Hilcorp Gas Leak in Cook Inlet
Hilcorp CEO Jeff Hildebrand after a tough game of polo. He's worth more than $5 billion but Hilcorp continues to violate state and federal laws.
On February 10, Inletkeeper wrote to ADEC calling for an immediate shut-down on Hilcorp’s leaking gas line.
On February 15, 2017, Inletkeeper sent Hilcorp a Notice of Intent to Sue under the federal Clean Water Act for illegal discharges to Cook Inlet which threaten water quality, fish and Beluga whales.
Inletkeeper’s Notice of Intent to Sue is meant to provide a back-stop in the event Hilcorp opts to continue to put profits over fish, wildlife and water quality in Cook Inlet, and to press Hilcorp to address the larger issue of relying on antiquated infrastructure as part of its Cook Inlet business model.
Hilcorp has put forth various excuses why it cannot shut down the leaking pipeline – including that water would infiltrate the gas line and other reasons – but the fact remains Hilcorp simply wants to maintain production and profits without interruption.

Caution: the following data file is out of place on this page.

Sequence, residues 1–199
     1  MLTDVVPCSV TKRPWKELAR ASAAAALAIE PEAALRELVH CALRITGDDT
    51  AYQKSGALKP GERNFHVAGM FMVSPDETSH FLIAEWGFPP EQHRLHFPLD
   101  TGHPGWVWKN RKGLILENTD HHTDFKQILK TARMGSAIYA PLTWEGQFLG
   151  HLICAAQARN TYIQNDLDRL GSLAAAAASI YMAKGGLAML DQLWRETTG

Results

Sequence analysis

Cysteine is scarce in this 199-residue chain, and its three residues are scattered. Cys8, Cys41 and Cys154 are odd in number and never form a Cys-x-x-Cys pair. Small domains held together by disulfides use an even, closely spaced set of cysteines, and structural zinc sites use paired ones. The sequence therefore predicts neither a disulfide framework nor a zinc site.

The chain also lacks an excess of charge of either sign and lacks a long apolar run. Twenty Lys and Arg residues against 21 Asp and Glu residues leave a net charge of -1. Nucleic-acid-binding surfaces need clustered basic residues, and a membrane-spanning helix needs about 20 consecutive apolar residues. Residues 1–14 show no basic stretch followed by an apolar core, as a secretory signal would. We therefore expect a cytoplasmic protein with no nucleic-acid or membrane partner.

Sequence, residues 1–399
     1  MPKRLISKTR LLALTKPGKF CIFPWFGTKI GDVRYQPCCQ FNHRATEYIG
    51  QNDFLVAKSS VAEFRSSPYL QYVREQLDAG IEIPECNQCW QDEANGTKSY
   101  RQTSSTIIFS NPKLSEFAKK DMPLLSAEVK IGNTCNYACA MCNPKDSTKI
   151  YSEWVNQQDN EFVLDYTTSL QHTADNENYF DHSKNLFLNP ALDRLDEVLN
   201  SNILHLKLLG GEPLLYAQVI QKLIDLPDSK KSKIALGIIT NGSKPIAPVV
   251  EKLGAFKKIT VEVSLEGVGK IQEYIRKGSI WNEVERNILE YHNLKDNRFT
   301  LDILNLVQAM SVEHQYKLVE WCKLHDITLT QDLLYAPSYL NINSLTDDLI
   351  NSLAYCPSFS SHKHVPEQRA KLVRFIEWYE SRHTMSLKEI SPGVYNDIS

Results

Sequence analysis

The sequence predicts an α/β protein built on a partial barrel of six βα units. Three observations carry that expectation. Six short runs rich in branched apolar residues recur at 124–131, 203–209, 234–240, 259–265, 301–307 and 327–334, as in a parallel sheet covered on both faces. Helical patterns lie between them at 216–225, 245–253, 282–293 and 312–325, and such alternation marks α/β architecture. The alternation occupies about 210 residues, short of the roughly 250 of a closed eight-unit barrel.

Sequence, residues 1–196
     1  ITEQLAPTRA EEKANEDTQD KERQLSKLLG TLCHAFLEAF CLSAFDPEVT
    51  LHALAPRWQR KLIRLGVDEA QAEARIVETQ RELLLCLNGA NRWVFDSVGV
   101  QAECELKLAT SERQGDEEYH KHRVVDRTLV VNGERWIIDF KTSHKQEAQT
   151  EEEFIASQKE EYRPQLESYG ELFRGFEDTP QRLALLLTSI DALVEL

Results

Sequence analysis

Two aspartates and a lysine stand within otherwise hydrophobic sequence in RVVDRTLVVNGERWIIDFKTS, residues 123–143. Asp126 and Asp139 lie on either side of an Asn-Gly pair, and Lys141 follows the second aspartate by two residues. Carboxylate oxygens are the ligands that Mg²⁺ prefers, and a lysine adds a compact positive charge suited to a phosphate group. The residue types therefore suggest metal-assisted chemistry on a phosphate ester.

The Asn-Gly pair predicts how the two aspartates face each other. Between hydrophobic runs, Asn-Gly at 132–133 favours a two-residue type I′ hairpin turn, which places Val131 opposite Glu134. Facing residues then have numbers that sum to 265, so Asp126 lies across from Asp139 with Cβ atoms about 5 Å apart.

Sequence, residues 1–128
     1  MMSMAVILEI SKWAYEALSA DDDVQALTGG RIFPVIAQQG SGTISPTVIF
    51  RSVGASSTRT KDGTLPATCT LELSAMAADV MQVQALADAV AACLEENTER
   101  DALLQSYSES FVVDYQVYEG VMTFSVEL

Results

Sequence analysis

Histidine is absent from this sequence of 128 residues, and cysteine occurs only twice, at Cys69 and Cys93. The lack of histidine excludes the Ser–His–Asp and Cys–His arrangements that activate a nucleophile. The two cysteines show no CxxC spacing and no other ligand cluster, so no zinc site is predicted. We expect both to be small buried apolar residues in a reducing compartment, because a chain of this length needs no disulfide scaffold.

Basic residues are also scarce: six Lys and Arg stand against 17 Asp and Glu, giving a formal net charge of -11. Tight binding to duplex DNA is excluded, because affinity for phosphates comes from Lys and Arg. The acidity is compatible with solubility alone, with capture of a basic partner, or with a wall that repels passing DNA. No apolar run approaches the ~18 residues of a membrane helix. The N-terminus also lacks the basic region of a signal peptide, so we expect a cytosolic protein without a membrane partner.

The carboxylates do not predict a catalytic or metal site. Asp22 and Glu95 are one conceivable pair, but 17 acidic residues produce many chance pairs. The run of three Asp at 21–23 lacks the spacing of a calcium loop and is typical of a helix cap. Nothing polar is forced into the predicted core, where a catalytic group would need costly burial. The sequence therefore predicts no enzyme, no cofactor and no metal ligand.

“Hilcorp’s obligation right now must be to Cook Inlet, not to continued profits,” said Inletkeeper Bob Shavelson. “Hilcorp has reaped sizable tax credits and enjoyed considerable profits during a time of fiscal crisis in Alaska, and it has a responsibility to do the right thing and immediately shut-down the pipeline until it can operate safely without polluting Cook Inlet.”
Hilcorp's CEO Jeff Hildebrand is reportedly worth more than $5.5 BILLION, and his business philosophy is to buy-up aging oil fields and wring out any remaining profits. That means cutting corners and not investing in antiquated pipelines and other infrastructure. The Alaska Oil & gas Conservation Commission has even gone so far as to say “[t]he disregard for regulatory compliance is endemic to Hilcorp’s approach to its Alaska operations….”
Inletkeeper obtained a video of Hilcorp’s illegal natural gas discharge taken on or about February 8, 2017. Since that time, Hilcorp has apparently reduced flow through the gas line, but considerable discharges from the leaking pipeline continue.